Cloud computing is a transformative force for software development today. Choosing systems such as Heroku, Microsoft Azure, or Google EC2 as the execution environment of an application has a profound impact not only on how the application will ultimately be executed, but also on the development and release process, the application architecture, and even on the tools used for development. In this seminar we will approach the topic of cloud computing (and related trends) with a software engineer's hat on. That is, we will discuss topics such as cloud performance, cloud middlware, DevOps, continuous delivery, as well as economic aspects of cloud computing.
|Lecturer:||Prof. Dr. Harald Gall, Prof. Dr. Thomas Fritz, Dr. Philipp Leitner|
|Time and Place:||Kick off meeting: 21.09.2015, 12:00 - 13:00 (2.A.10)
Presentations: 14.12.2015, 08:00 - 18:00 (1.D.06)
(there are no physical meetings between those dates)
|AP (ECTS):||3 points|
|Target Audience:||BSc Informatics and MSc Informatics Students|
|Registration:||Registration for a topic after kick-off meeting & Modulbuchung|
For the final grade we will take into account a written report, a presentation of the report, the reviewing of the other participants' work and the active participation in the lectures
The written paper represents the first task of the seminar. It has to be 12-15 pages long (not counting the cover sheet and the table of contents) and in the Lecture Notes in Computer Science format. Both the MS Word ("word.zip") and LaTeX format ("llncs2e.zip") are available here for downloading, even though we strongly suggest anyone to use the LaTeX format. Eventually the report will have to be delivered as PDF.
Please pay attention to the tips in the format template, in particular:
For administrative questions please contact Philipp Leitner.
Each student should read and cite at least 7-10 articles in his/her own work.
The ACM Digital Library, IEEE Digital Library, Citeseer and GoogleScholar are very good online catalogues for technical literature search. Both the ACM and the IEEE publications can be downloaded for free from within the Uni Zürich domain. For some important literature, UZH does not have subscriptions (e.g., some Springer journals). Those can sometimes be found for free on the Internet, on Researchgate, or via the ETH library. In the worst case, you can always contact the authors and friendly ask for a preprint copy.
Another good starting point are the proceedings of major conferences and journals, such as the International Conference in Software Engineering (ICSE), the Symposium on the Foundations of Software Engineering (FSE), the IEEE CLOUD conference, the World Wide Web conference, the ACM Symposium on Cloud Computing, etc. The easiest way to browse through papers of all major computer science conferences and journals is via DBLP.
The paper of each student goes through a first review phase, done by one lecturer and 2-3 other students. The goal of this first reviews is to give some useful feedback on the paper, which should then be improved and modified accordingly.
The reviews take the following criteria into account:
Each category is graded on an A to D scale:
Every participant has to review two other participants' reports. The whole reviewing process (the reports and their subsequent reviews submission) will be done through the EasyChair online platform. An email with all the necessary instructions will be sent after the kick-off meeting.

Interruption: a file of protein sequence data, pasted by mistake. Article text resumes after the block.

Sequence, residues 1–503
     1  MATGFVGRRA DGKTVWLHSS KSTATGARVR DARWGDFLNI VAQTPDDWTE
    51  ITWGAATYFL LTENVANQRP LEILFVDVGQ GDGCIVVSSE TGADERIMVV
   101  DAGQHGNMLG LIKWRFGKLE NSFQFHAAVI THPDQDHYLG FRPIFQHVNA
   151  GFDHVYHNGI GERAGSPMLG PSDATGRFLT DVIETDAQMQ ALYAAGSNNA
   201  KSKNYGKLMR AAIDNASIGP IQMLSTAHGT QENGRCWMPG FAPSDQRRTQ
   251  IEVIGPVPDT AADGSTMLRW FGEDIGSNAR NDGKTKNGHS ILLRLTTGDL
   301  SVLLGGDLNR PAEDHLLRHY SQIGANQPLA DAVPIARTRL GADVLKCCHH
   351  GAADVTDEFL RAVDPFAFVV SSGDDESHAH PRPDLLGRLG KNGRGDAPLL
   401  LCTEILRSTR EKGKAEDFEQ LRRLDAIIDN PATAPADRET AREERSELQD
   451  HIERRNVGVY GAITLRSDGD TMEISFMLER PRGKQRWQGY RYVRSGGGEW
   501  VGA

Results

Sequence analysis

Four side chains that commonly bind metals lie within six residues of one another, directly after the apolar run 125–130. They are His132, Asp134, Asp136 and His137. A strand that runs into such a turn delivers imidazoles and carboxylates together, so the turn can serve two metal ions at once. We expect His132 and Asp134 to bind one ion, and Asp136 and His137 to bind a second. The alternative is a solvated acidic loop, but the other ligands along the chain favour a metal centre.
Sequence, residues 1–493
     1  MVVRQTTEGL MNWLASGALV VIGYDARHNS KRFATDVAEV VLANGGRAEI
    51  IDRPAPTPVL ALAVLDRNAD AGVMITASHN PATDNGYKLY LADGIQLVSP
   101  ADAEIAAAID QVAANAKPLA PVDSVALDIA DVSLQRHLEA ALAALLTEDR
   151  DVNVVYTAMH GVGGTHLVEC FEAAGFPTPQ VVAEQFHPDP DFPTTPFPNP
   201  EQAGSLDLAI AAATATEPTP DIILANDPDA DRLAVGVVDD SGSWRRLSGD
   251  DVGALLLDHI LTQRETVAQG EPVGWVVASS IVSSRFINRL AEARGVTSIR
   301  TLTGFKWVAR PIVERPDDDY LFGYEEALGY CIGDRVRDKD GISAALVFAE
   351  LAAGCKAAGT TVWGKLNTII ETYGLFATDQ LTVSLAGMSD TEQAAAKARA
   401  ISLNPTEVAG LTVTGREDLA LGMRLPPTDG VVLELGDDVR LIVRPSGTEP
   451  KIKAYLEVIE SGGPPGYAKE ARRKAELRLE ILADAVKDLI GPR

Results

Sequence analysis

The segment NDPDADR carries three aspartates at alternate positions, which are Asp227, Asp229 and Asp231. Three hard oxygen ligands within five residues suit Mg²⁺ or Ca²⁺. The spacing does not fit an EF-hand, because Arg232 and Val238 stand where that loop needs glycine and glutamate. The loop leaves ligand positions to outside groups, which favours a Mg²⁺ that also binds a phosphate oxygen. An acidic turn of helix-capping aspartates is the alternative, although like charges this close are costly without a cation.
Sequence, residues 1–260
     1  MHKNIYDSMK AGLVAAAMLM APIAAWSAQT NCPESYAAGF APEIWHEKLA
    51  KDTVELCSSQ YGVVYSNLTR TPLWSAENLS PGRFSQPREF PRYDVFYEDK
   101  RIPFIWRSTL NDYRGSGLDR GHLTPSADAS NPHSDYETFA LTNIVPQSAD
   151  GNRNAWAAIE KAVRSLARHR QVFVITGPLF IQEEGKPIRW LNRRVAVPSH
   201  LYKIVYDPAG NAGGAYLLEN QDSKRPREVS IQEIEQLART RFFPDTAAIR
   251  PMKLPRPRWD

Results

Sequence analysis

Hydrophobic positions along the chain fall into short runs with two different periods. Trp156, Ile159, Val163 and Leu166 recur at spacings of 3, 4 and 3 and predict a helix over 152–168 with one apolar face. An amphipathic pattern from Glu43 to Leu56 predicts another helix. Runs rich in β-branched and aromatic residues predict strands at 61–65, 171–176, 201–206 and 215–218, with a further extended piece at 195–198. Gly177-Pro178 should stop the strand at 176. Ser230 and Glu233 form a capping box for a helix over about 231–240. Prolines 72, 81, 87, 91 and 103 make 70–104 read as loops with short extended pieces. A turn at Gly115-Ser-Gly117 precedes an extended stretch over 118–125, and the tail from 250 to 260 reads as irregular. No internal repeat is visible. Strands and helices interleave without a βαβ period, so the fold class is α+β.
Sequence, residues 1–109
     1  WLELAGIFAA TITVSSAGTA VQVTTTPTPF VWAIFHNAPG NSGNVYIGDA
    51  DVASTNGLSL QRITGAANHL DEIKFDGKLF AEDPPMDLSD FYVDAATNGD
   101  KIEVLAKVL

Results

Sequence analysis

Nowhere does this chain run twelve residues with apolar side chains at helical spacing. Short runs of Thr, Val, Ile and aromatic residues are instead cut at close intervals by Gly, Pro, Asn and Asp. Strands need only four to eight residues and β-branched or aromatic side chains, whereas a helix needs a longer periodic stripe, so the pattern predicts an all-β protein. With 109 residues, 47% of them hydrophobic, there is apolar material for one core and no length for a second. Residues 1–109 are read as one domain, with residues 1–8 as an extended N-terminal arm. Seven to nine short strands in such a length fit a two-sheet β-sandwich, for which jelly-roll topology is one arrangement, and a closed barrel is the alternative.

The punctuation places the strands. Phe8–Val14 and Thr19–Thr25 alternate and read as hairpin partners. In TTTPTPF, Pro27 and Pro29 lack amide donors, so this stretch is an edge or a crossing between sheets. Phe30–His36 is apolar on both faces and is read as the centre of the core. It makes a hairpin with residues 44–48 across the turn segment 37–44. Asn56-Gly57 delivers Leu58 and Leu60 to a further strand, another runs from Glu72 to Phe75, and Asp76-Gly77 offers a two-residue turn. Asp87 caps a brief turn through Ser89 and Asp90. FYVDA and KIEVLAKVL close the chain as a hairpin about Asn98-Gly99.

The delivery website (Easy Chair) can be found here.
On that, you have to create a new user account and then you can easily upload your report with the appropriate menu option.
All the participants will present their work during the second meeting in December.
Every presentation consists of a 20 minutes talk followed by a 10 minutes discussion.
All the participants need to have the presentation in electronic format (MS Powerpoint, Apple Keynote or slides in PDF/PS). We provide both a beamer and a laptop to be used (in case you don't want to use your own laptop).
Attendance to all the presentations is mandatory. Exceptions are made only if a proper, official excuse (e.g. doctor's excuse note) is given.
How and why are developers and companies choosing to use (or not use) cloud applications for provisioning applications? What does this decision impact, and how?
How can developers (and researchers) evaluate the performance of IaaS cloud services? What have been the main observations of existing cloud benchmarking studies?
How can developers select the best cloud service, or combination of cloud services, for their applications? What are the primary factors that need to be taken into account?
How do cloud providers determine the price of instances or other types of cloud resources? Is the price always fixed? What are the main factors that cloud users are priced on?
What are the main challenges related to security and privacy in the context of cloud computing? What specific security and privacy challenges does cloud computing raise, and what are known successful attacks?
What standards and other proposals are there for modelling the structure and cloud deployment of applications? What do these proposals have in common, and how do they differ?
What client-side libraries, frameworks, and middleware systems are there for supporting the development of cloud applications? What functionality do these systems typically provide, and how do they differ?
What server-side frameworks, and middleware systems are there for deploying cloud applications? What functionality do these systems typically provide, and how do they differ?
How can cloud developers monitor the performance of their applications? What are important metrics to keep track of?
How do faster releases, as often associated to cloud computing, impact the quality of software?